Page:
“I… My legs are wobbly.”
“Probably from the poultices.” He eased an arm under her shoulders. “Might pass once you move around. If it doesn’t, I’ll carry you. Compared to a Legionary in full armour, you’re barely noticeable.”
Anessa set her jaw and concentrated. The sensible thing was to let him carry her. But letting them get ambushed was embarrassing enough without looking like a burden too. She got her legs under her—with a certain amount of Haelen’s help. Left arm wrapped across his back, she staggered out.
As she straightened, she realised the tent stood at the edge of a wide clearing, empty but for two other tents, and Falcon. “Where are they?”
“They left after the Tan-Sorda sacrificed.”
“After… But weren’t they waiting for the full moon?”
“They did. You slept for several days.”
That explained why her legs were numb and why her wounds didn’t hurt so much.
“It’s a good thing in a way. The Reverend was exhausted; if you hadn’t needed to stay here… Skithai gratitude isn’t huge; it ran to some tents and sacks of dry vegetables, though.”
The two of them swayed beside the next tent, Anessa’s legs not firm enough to bear her weight without help. After almost falling, she let Haelen lower her to the ground so he could unlace the flap.
Kobb blinked as they entered, eyes threaded with red. If this was how he looked now, no wonder Haelen’d wanted him to rest.
“How much food did the Eaters leave? Can we wait a few more days?”
Haelen shook his head. “We could, as I said, I’d like to get you to the Stones, though. Even if I didn’t have supplies there, we can’t defend this place if trouble turns up.”
“He’s right.” Kobb patted his pack. “Now the Gathering’s over, there’s no guarantee the Skithai will all leave us alone.”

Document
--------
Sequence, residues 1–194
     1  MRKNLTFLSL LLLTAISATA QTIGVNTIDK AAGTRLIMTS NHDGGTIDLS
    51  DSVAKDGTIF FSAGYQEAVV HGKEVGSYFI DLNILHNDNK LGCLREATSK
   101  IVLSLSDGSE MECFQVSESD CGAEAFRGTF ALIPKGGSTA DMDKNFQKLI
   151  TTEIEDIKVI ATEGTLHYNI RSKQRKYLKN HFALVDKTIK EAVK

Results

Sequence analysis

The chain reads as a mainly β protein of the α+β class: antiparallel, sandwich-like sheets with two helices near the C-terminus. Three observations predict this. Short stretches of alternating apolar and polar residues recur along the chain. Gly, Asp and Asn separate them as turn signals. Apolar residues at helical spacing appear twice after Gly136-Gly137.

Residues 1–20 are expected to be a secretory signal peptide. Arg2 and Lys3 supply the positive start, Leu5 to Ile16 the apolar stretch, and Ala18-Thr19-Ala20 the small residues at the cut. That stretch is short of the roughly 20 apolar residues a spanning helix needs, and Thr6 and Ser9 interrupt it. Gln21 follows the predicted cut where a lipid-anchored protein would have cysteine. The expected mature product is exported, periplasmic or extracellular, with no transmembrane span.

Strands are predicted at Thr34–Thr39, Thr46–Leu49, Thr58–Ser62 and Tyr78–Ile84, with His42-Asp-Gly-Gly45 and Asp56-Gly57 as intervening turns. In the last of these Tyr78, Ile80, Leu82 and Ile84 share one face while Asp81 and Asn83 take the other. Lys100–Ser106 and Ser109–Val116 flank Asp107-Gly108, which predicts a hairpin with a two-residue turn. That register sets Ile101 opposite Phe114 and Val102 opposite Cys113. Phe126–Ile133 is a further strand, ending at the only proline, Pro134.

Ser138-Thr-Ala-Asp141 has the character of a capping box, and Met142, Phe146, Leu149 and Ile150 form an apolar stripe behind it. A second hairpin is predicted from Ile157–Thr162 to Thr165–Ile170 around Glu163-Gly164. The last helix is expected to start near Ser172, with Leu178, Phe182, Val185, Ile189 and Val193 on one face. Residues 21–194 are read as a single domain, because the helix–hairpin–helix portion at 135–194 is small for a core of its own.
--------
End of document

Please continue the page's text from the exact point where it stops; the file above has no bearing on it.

Anessa wiggled an eyebrow at Haelen as left the tent but he only smiled. She turned to Kobb. “But, aren’t you—?”
“I don’t feel young. I’ll do, though. Haelen’s got me up from worse than this. If he says I’m rested enough to get us there, trust him.”
Kobb’s lack of worry still seemed odd, but he’d know how he felt better than she did. And if he was wrong, they’d sleep as long as needed once they arrived.
Haelen ducked his head in. “I’ve slung our packs on Falcon for now. We’ve enough tents, so no reason to carry the extra burden.”
“Good thought.” Kobb yawned, then arched his back. “Best lie down, Anessa. We’ve each stumbled before.”
She eased herself flat. “Wait! Where’s my—?”
“I returned for it the next morning.” Haelen sat beside her.
The absence of rotting wood flooded her nostrils. Damp grass slammed up into her spine. Granite jutted up around her.
After a moment to be sure her wounds hadn’t reopened, Anessa pushed herself up on her elbows.
Kobb stood facing her, shoulders less square than usual but standing on his own. He stared at the stone beside her for while, then his brows drew down.
Anessa peered at it. “It looks solid. No sparkles.”
“That’s not… The journey felt too easy.”
“Too easy?” Haelen stood. “Maybe you’re getting better?”
Kobb shook his head. “It felt like it wasn’t just me. As if—”
“We’re most of the way done.” Haelen turned and swept his arms around the circle. “The power must have rushed back. Shouldn’t you be telling me it’s a Blessing? That we can end this faster… once Anessa’s recovered.”
Anessa struggled to her feet. Five of the Stones finished—or whatever the right word was. Only two more to finally lock the evil away. And for Haelen, two more until he found where his daughter’d been taken. Hopefully…